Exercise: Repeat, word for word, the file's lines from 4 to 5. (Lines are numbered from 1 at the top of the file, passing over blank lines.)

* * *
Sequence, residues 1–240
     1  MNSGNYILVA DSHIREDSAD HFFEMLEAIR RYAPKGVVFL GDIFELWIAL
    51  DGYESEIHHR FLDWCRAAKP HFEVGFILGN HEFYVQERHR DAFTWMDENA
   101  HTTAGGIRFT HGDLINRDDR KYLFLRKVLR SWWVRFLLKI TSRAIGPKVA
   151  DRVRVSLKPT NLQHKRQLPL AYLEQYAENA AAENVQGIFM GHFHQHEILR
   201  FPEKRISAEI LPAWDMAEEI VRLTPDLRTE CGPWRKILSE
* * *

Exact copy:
   101  HTTAGGIRFT HGDLINRDDR KYLFLRKVLR SWWVRFLLKI TSRAIGPKVA
   151  DRVRVSLKPT NLQHKRQLPL AYLEQYAENA AAENVQGIFM GHFHQHEILR